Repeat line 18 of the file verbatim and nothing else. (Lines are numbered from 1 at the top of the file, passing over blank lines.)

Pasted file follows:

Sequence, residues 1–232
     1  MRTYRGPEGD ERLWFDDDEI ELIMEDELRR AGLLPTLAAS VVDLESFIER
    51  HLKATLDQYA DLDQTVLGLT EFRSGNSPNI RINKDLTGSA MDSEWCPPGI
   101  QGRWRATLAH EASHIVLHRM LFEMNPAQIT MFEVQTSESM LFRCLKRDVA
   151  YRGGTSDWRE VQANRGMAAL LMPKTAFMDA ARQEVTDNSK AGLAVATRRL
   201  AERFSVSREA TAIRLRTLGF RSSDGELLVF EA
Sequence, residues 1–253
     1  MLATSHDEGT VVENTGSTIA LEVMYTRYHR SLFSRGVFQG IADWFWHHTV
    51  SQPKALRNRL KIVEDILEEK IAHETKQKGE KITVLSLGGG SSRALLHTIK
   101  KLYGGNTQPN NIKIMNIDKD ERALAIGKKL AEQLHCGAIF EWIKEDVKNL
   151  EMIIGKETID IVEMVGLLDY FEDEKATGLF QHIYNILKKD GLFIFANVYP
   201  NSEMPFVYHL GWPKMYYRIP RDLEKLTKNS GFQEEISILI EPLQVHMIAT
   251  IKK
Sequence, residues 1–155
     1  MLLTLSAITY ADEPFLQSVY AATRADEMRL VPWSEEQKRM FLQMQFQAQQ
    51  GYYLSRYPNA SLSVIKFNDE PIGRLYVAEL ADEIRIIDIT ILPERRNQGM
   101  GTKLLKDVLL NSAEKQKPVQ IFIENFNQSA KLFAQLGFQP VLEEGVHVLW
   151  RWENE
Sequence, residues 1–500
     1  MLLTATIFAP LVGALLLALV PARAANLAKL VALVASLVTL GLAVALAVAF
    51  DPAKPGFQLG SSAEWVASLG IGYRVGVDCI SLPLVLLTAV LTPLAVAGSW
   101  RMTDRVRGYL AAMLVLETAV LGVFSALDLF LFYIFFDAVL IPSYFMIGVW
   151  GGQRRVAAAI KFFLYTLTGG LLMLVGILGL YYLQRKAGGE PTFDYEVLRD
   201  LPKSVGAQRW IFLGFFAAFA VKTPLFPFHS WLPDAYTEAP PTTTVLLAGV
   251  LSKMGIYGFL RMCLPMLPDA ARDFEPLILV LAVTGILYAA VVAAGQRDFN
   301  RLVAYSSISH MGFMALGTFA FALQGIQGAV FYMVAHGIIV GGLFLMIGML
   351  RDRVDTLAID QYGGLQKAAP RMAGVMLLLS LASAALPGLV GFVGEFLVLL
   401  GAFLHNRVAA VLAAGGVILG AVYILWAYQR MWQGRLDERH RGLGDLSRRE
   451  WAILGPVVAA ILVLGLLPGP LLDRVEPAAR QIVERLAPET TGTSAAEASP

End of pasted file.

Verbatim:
   151  RWENE